Unfortunately, it's also sprawling and messy, often dissolving into overheated and hard-to-follow descriptions of sex and psychic experiences. It reads much like an early attempt at the much more successful Charisma (and has a cool link with the also more successful Blood Brothers.) I wouldn't recommend this to start with, but if you already like Barnes, it's worth a read.

Warning for violence, sexual abuse, racial slurs, and a brief but memorable instance of anal tentacle rape.
I was shocked and saddened to hear that veteran sf writer Octavia Butler had died, from a cause variously reported as a massive stroke or head injuries following a fall. She was only 58, and I'm sure she had a lot more stories to tell.

Her stories and novels, though many of them used old sf concepts like time-travel, psychic powers, or aliens taking over Earth, had such a unique perspective, clear style, thought-through implications, and intensity that they always read as fresh and new as if she had invented sf from scratch.

She returned to some of the same related themes and situations again and again in different contexts, which were slavery and the psychology of master-slave interactions, and how people live with insoluble problems and dilemmas where no choice will create a perfect world. Her stories could be depressing, but not always; they were always unsentimental, well-characterized, and smart.

My favorites of hers are two novels, Wild Seed and Dawn, and a collection of short stories, Bloodchild and other stories.

The latter is a must-read and also a good entry point to her work. It only contains five stories, but three of them are masterpieces, simultaneously more intense and more uplifting than her novels, and bursting with startling sfnal ideas. "Bloodchild" is horrific and moving novella about humans in a complex slave-symbiotic-loving relationship with their alien owners/symbiotes/family. It encapsulates her favorite themes, and is simultaneously a sweet love story and a intensely creepy horror story. "Speech Sounds" is a very brief story that punches way above its weight, the only story I've ever read in which humans lose the ability to communicate through written and spoken language. "The Morning and the Evening and the Night" is about the cost and unexpected benefits of a horrible genetic disease. I don't find these stories depressing or nihilistic, but they're all pretty disturbing in one way or another.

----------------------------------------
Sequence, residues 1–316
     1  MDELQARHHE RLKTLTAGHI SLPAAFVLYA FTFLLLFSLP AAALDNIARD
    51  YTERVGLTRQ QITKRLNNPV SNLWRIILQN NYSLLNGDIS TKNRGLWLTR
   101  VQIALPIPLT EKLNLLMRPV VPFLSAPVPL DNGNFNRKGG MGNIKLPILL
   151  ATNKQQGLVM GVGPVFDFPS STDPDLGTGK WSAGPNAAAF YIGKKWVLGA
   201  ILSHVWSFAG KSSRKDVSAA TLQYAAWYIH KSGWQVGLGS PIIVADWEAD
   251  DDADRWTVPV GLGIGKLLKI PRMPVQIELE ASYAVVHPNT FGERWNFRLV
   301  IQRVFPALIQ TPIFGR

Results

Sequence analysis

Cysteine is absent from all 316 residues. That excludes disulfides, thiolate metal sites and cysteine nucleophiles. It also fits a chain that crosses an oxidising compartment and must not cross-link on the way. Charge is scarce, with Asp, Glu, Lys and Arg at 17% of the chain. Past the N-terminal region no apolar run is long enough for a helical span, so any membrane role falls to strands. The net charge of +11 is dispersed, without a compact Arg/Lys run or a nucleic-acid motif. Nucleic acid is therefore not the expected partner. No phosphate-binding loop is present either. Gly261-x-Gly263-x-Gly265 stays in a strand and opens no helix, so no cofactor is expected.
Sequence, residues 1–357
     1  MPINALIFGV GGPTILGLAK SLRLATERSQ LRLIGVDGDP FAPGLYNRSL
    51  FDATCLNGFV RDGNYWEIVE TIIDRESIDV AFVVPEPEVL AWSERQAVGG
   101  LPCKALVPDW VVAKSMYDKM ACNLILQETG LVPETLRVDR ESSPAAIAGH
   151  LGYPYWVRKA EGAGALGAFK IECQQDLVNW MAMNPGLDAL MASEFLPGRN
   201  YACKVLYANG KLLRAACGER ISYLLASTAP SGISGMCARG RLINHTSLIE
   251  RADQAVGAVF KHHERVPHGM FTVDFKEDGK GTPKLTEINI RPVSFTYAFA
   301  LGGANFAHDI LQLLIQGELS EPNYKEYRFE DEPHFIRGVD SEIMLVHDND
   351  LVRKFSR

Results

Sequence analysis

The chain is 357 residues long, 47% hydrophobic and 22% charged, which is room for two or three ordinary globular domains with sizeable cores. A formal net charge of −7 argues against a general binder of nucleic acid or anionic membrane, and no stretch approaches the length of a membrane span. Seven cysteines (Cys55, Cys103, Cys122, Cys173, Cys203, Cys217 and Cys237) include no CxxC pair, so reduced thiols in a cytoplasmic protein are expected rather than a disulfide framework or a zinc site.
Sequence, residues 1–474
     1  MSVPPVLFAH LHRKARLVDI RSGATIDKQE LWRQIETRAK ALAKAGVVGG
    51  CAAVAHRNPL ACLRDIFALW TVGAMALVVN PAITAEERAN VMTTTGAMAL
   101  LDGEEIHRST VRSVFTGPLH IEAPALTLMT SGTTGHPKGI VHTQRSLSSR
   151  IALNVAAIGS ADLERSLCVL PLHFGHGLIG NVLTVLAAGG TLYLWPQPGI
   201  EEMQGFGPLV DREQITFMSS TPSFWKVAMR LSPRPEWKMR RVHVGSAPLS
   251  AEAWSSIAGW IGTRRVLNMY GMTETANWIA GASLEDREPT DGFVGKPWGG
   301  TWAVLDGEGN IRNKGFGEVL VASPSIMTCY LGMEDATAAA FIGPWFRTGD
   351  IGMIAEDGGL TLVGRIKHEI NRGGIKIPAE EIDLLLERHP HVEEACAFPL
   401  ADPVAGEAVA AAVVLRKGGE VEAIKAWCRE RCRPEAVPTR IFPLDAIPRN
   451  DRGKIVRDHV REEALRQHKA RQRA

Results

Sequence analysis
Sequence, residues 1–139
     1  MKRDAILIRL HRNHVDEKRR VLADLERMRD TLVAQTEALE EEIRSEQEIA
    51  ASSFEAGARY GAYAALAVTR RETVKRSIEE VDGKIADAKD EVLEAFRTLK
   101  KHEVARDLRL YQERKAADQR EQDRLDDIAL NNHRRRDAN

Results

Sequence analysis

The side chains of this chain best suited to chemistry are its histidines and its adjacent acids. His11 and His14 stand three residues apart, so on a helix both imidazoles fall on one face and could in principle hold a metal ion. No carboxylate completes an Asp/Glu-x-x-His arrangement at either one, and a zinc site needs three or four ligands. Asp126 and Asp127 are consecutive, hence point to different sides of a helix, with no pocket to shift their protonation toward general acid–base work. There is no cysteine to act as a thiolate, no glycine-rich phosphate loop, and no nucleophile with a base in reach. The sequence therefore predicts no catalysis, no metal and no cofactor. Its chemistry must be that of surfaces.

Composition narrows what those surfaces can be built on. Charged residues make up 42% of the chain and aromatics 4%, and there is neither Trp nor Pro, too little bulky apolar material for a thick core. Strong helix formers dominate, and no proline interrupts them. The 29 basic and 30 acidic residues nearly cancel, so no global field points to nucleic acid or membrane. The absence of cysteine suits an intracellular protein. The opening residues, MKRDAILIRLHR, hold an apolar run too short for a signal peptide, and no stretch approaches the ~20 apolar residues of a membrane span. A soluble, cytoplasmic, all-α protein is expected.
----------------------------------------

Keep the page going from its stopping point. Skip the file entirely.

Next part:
Wild Seed is an excellent sf novel set in Africa, about two "Wild Seeds": Anyanwu, a woman who can shapeshift, heal herself, and who seems immortal, and Doro, who switches bodies when he chooses or when the one he's in dies, killing his hosts in the process. Doro starts breeding people for psychic talents, a program which Anyanwu, at various times his enemy and his companion, tries to stop or ameliorate. The characterization is as vivid and believable as the landscape.

This features a common theme of Butler's, which is the unsolvable dilemma, and how people learn to live with it. When her novels set up a really big problem, they rarely have someone pull a scientific or any other sort of simple solution out of a hat. In this case, Doro cannot be killed, period, no escape clause, and is about Anyanwu's attempts to find a way to deal with an extremely powerful, immortal, and invincible enemy. There are chronological sequels which were written earlier and are not as good.

Dawn is about an alien takeover of a post-apocalyptic Earth. The aliens, their culture, their interactions with humanity, and the ways that the surviving humans try to deal with their situation are all beautifully depicted and cleverly imagined. The sequels to this one are good and worth reading.

The Parable of the Sower and its sequel, about a post-apocalyptic America and a female Messiah, are well-written but so close to reality that they are too depressing for me to re-read.

I have not yet read Kindred or Fledgling.